The parties in Cyprus should engage with the UN Secretary General’s envoy Jane Holl Lute in a creative and constructive manner, recognising that the outcome will be critical in determining the future of the Cyprus negotiations, the UNSG’`s Deputy Special Adviser and Special Representative in Cyprus Elizabeth Spehar said on Tuesday evening.
She spoke just a few days before Lute’s arrival to meet with Cyprus President, Nicos Anastasiades, and Turkish Cypriot leader, Mustafa Akinci.
Speaking during the end of year reception she hosted at the Ledra Palace Hotel in the UN controlled buffer zone in Nicosia, the UN diplomat noted that “the UN believes that the solution to the Cyprus issue within a clear horizon remains possible. We firmly believe that this solution and the future of this island lie in the hands of the Cypriots themselves, with the two leaders bearing the primary responsibility for the negotiations. Of course, other actors, including the Guarantors, will engage and will have their say,” she added.
Addressing Greek Cypriot and Turkish Cypriot politicians, diplomats and others attending the reception, Spehar noted that “while this time last year we were looking back to an eventful 2017, a crucial and historic year in Cyprus negotiations, in 2018 we are looking back on a rather different period, a year in which steps in the Cyprus peace process were few and far between.”
“The two leaders have held only two meetings, although one of them delivered a positive outcome with the agreement reached on the opening of the crossings at Lefka/Aplici and Deryneia/Derinya on 12 November. Meanwhile, progress on other confidence-building measures remains limited at best. While some Technical Committees have continued their important work without interruptions, some have only recently resumed their meetings, while others have yet to meet,” she said.
Noting that in his latest report, following the recent round of consultations with the parties, the Secretary-General concluded that prospects for a comprehensive solution “remain alive”, Spehar said that the Secretary-General outlined that, prior to resuming full-fledged negotiations, the sides should agree on terms of reference that would constitute the consensus starting point for the negotiations.
“In the coming period, Ms. Jane Holl Lute will continue discussions with the parties to this end. She is in fact expected to return to Cyprus later this week. The parties should engage with her in a creative and constructive manner, recognizing that the outcome will be critical in determining the future of the Cyprus negotiations,” she underlined.
She noted that “there is a growing recognition on the island that the process towards a comprehensive settlement of the Cyprus issue is approaching a definitive juncture. While the talks have stalled for many months, the world has not stopped around us. Changes are happening, with important implications, on and around the island, in the region and worldwide.”
Spehar stressed that “we should not allow ourselves to be discouraged about the magnitude of the work that lies ahead. It is important to recall that during the last round of negotiations unprecedented progress was achieved by the sides and it will be important to build on it and not lose the valuable gains made.”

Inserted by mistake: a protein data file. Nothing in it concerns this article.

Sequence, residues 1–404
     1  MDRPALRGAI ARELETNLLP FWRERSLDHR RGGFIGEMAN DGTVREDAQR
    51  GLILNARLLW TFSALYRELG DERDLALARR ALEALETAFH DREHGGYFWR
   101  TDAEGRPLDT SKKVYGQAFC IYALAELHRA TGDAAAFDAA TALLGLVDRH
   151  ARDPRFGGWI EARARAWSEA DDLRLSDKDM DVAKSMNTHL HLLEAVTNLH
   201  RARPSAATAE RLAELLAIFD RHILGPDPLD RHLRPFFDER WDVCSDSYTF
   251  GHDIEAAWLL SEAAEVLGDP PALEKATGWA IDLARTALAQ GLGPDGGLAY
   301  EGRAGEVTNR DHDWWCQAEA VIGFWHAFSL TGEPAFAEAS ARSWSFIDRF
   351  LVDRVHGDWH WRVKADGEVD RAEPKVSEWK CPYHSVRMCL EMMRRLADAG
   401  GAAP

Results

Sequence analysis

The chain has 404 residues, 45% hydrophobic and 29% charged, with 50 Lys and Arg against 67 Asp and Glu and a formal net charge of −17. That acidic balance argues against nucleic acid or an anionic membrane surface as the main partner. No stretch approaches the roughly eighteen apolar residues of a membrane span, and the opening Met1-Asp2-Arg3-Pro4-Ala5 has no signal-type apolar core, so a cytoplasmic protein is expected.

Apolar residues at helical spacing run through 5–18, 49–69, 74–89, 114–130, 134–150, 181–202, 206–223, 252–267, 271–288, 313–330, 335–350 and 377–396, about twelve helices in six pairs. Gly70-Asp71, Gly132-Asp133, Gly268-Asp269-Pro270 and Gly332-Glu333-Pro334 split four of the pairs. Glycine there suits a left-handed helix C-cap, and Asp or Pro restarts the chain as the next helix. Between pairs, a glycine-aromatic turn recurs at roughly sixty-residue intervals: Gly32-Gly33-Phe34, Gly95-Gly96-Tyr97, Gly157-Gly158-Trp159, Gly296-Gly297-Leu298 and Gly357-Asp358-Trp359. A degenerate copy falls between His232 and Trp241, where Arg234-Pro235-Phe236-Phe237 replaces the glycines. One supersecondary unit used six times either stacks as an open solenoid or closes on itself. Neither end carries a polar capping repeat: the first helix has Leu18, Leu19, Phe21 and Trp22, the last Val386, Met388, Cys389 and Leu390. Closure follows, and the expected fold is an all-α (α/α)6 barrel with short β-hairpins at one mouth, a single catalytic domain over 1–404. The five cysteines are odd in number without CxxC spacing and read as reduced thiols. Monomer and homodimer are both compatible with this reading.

The UN diplomat noted that “unfortunately, only very few people are familiar with the achievements of the past round as well as the contours of an agreement that was beginning to emerge last year. Recent polling has demonstrated that a majority of Cypriots on both sides of the island believe that the public should be consulted regarding the talks and that the voices of ordinary Cypriots had not been heard enough during the past rounds of negotiations,” she said.
She noted that “both the Secretary-General and the Security Council have repeatedly called for greater information-sharing and involvement of civil society actors, including women and youth, in the peace process. This could contribute towards mobilizing greater support for the negotiations and increasing the prospects that the eventual outcome enjoys popular support on both sides of the island.”
Spehar stressed that “all Cypriots have a stake in the future of this island and greater engagement across all sectors of society can provide real impetus for the renewal of a successful process. Building lasting peace requires understanding the fundamental concerns of all peoples in a spirit of reconciliation, respect and recognition.”
She underlined that “looking ahead, building a common understanding and vision for the future in Cyprus has perhaps never been more important than today. In this context, it is encouraging that discussion and dialogue both within and between the two communities have intensified over the past months in the public domain on issues central to the peace process. It is through this dialogue that a joint vision can begin to be forged,” Spehar remarked.
Noting that this has been a rather difficult year, Spehar said that there is still no certainty as to where things will be headed as we welcome the New Year. “However, the uncertainty of the present should not be allowed to overshadow the prospects for a unified future. We should not lose hope, nor give in to fatalism. The only light that will lead us forward is unity of purpose – by that I mean the efforts made by the two sides and all Cypriots from across the island to finally put an end to the Cyprus problem,” she stressed.
She expressed hope that Cypriots will use the year’s end to reflect on how they envisage the future of Cyprus as well as their own role in shaping it.
Cyprus has been divided since 1974, when Turkey invaded and occupied its northern third. Repeated rounds of UN-led peace talks have so far failed to yield results. The latest round of negotiations, in July 2017 at the Swiss resort of Crans-Montana ended inconclusively.
(Cyprus News Agency)